One of the great attractions of the Gloucester Road, to both locals and those from outside the area, is its diversity. We are proud of the variety of shops, the cafes, and the buzz even in the evening. However this does not mean there are no causes for concern.
- Is there an appropriate balance between the different kinds of shops and between shops and cafes?
- Are shops which become empty, even for a short period, not only an eyesore but also a wasted resource?
- Are measures needed to restrict the number of licensed premises which may cause disturbance late in the evening?
Questions like these are not new. They are the subject of discussion by local shopkeepers, community groups and councillors. Some planning restrictions have been in place for several years and, just a few months ago, the City Council agreed to a formal consultation on making part of the Gloucester Road a Cumulative Impact Area. (A CIA is an area where, because of the concentration of licensed premises, there is more control by City Council and police.)
But if we really want to safeguard the diversity of the Gloucester Road, shouldn’t we be trying to maintain or even improve the current rich mix of premises?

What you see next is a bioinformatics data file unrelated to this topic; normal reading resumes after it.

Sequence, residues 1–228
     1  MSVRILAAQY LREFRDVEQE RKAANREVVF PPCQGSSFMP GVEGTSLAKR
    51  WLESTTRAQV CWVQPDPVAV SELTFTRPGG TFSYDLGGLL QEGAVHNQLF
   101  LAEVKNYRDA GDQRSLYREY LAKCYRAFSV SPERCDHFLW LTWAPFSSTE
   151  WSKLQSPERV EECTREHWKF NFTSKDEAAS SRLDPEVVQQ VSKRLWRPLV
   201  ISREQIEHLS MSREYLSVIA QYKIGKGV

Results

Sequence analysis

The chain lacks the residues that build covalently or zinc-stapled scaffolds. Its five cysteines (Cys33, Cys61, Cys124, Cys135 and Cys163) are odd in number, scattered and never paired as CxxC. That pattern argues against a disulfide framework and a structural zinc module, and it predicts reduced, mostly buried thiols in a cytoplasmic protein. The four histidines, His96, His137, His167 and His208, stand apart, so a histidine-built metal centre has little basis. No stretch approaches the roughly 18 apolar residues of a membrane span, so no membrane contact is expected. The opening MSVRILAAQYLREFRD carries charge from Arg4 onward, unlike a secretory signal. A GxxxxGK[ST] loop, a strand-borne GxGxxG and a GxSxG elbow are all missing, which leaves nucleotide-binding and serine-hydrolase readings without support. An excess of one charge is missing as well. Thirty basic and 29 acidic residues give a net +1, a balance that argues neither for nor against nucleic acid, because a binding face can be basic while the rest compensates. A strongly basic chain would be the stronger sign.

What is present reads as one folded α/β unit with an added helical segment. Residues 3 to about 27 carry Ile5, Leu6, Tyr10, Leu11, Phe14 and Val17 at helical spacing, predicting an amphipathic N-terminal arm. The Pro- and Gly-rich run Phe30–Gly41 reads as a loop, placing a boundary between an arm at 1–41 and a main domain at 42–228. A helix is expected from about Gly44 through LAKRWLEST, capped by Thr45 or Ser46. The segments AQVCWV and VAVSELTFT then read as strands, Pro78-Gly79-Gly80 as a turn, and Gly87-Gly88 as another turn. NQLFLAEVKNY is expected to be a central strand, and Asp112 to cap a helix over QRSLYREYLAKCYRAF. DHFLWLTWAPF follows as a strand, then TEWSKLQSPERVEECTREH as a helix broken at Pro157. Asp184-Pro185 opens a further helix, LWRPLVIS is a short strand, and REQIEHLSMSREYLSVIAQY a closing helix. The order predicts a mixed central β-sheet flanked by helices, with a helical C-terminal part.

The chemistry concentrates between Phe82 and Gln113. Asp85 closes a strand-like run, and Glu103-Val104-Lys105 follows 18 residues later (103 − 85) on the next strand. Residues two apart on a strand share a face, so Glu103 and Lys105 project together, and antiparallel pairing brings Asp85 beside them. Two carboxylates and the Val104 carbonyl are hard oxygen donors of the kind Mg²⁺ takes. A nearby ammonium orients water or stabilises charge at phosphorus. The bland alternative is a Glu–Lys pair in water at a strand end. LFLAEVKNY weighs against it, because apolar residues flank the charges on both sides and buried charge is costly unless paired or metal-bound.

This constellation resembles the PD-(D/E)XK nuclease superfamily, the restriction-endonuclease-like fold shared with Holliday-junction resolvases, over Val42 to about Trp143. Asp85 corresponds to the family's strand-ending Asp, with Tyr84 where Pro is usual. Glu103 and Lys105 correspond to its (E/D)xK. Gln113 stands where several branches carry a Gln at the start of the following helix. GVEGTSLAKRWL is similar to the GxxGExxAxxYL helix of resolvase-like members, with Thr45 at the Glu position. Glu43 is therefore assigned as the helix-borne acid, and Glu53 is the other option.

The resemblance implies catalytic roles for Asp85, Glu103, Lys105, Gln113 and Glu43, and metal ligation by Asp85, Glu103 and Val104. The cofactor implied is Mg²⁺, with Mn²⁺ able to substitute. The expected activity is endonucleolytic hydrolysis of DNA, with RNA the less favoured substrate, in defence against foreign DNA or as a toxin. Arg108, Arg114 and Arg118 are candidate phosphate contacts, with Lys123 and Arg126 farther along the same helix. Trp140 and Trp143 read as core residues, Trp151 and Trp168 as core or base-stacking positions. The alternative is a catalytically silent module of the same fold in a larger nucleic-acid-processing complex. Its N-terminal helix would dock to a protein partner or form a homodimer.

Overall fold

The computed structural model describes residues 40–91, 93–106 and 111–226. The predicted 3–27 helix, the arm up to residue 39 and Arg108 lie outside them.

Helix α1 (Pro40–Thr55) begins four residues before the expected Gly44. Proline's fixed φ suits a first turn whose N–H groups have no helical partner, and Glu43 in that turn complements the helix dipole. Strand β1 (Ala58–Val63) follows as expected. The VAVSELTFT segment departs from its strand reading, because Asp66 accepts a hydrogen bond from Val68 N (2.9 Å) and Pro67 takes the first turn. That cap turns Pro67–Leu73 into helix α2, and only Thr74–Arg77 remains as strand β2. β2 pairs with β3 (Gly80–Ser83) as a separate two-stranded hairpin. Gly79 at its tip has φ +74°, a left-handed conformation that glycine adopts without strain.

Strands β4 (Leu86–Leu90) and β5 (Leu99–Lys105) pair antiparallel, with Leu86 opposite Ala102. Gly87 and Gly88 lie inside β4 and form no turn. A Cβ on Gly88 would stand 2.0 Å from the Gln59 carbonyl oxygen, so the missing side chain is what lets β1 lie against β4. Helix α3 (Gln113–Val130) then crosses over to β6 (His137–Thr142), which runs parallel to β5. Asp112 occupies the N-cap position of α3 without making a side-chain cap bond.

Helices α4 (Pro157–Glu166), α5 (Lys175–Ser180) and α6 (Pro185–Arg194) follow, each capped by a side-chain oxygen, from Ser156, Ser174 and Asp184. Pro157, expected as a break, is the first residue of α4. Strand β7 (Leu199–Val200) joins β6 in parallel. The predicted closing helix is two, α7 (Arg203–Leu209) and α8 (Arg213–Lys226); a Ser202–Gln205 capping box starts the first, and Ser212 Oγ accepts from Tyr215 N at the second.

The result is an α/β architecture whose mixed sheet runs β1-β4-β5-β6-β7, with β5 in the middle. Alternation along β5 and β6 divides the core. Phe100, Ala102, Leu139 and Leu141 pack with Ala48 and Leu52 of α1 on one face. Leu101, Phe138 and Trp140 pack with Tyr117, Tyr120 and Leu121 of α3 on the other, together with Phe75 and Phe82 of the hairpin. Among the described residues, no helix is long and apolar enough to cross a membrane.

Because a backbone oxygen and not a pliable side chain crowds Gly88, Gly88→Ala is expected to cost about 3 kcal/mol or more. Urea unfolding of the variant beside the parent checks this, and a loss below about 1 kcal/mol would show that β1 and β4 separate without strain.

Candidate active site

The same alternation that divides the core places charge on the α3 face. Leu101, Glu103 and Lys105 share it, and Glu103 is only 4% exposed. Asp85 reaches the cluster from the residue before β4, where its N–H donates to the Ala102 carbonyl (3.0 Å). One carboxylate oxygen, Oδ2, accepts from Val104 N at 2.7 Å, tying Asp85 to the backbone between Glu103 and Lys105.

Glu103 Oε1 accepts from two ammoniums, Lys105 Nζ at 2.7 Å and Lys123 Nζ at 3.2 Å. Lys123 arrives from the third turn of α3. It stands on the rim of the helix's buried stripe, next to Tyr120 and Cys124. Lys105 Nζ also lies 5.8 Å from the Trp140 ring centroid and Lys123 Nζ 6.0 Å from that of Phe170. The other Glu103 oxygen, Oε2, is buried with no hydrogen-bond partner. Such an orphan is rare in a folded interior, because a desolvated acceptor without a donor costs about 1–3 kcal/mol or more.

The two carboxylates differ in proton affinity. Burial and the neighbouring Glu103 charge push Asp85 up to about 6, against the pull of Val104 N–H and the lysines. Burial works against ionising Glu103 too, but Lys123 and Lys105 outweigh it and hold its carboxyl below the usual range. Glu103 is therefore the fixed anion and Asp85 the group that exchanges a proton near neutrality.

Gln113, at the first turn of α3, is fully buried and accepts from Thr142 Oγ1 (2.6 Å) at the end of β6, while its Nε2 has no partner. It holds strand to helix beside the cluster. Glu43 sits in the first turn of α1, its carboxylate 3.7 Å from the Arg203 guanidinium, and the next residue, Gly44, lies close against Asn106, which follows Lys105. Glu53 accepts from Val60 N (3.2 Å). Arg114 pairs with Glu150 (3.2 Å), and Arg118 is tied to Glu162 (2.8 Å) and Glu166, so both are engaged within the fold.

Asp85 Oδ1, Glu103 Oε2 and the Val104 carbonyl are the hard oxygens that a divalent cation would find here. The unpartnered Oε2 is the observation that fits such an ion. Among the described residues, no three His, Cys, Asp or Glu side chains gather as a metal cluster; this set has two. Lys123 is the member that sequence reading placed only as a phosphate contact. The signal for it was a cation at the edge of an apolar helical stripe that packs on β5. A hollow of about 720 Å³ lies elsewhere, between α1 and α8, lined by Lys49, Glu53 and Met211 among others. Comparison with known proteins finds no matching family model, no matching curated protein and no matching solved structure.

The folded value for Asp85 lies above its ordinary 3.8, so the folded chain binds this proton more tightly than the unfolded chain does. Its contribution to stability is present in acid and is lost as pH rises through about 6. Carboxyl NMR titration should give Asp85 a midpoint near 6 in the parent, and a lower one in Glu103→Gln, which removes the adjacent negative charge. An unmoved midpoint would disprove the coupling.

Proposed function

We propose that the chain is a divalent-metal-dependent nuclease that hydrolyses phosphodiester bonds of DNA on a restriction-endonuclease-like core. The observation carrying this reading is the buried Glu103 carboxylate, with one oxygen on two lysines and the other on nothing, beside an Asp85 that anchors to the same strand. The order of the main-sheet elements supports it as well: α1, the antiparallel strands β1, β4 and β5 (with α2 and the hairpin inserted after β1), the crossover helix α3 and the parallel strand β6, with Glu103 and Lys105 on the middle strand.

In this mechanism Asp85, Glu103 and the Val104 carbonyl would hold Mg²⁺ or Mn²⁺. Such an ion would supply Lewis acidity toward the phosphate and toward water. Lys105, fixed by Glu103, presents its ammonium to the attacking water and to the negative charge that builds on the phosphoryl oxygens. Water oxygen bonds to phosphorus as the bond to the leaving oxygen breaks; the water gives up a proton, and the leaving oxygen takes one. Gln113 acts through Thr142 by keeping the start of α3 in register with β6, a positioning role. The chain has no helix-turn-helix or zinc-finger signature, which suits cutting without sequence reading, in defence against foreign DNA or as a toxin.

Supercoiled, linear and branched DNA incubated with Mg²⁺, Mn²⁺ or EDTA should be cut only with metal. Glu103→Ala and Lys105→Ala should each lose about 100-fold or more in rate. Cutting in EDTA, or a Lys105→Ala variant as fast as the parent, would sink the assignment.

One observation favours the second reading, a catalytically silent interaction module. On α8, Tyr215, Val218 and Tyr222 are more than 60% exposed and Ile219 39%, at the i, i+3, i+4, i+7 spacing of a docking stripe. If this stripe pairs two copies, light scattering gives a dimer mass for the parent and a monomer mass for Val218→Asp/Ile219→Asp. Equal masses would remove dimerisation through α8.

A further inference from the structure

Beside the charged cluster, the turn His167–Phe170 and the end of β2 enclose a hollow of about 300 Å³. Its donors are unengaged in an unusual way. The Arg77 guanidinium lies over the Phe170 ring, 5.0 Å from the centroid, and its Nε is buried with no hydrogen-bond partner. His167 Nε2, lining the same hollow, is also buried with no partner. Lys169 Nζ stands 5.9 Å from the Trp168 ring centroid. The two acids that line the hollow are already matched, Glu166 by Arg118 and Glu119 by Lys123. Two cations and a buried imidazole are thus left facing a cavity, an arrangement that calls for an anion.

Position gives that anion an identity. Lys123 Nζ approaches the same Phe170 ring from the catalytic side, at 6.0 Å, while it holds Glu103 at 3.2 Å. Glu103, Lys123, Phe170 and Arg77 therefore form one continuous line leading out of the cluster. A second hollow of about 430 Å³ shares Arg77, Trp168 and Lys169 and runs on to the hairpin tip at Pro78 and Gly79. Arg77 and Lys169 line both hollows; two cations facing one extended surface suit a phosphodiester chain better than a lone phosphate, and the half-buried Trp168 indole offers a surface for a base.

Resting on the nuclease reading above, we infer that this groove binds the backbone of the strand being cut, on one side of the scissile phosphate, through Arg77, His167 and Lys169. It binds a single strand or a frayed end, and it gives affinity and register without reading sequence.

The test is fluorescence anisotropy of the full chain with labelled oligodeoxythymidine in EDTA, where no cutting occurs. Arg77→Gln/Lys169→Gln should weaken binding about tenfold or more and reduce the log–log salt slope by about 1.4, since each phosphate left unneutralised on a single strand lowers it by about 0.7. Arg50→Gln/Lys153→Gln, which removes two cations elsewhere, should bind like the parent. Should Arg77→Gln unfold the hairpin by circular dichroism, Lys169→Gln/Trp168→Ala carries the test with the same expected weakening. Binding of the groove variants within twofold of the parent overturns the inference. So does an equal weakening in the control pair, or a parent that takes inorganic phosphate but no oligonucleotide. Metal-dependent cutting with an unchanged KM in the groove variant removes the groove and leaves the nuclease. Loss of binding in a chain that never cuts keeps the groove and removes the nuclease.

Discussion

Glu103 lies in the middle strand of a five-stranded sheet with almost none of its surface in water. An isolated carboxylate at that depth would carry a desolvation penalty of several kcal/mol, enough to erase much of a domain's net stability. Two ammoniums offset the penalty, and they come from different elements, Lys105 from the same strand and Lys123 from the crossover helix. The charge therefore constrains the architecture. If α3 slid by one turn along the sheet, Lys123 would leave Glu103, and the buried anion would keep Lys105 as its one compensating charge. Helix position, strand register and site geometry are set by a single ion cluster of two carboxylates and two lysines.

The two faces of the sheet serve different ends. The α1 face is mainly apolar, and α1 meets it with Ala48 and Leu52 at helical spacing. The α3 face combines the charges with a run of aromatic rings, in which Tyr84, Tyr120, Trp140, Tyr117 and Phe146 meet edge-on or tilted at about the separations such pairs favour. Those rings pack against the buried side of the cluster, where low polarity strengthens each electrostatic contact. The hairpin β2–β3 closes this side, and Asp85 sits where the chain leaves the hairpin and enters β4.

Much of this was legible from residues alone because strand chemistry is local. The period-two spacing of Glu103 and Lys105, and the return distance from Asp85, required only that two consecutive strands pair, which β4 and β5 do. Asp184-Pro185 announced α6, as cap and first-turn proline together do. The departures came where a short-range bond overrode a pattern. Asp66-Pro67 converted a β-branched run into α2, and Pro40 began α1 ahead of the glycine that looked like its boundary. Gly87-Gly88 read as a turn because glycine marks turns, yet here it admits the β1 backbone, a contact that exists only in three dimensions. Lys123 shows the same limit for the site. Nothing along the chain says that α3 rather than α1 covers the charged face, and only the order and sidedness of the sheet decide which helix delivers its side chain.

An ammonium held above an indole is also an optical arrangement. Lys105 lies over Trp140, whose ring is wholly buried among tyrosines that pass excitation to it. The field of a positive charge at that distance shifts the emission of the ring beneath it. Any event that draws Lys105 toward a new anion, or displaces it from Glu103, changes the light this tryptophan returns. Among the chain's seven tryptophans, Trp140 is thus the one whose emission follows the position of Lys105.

We might start for example by asking:
- Is there any way business rates could be varied to encourage diversity?
- Could the lines of communication between local shopkeepers and the city council be improved?
- Is it possible to identify local community or arts groups who could make use of empty premises?
- If so, how could they be encouraged ?
These are the kinds of questions we need to be asking. And of course there are many more! Let us know what you think; bishopston.
A few years ago the Gloucester Road was labeled “the last great British High Street" by Mark Rowe in the Independent (August 2004). And it’s true that its independent shops and cafes serve our local community in a way that is rare now in a country dominated by supermarkets and shopping malls.
Being local means
- that many of us can do all our shopping without using a car
- that the shops are owned by local people and profits go to them rather than to chains
- that produce and goods have not been transported long distances
- that key services are easily accessible
Possibly too that shopping is a more enjoyable and safer experience because of the familiar faces.
The Green Party in Bristol supports and encourages this kind of localness. “Think global, act local” is one of the key points in the Party’s plan for the city and wherever Green councillors have been elected they have promoted local shops and post offices and local food; and shown they have an understanding of the global forces which can make life so difficult for local traders. We need now to use this knowledge and experience to start thinking about some of the threats to the Gloucester Road and how these might be responded to.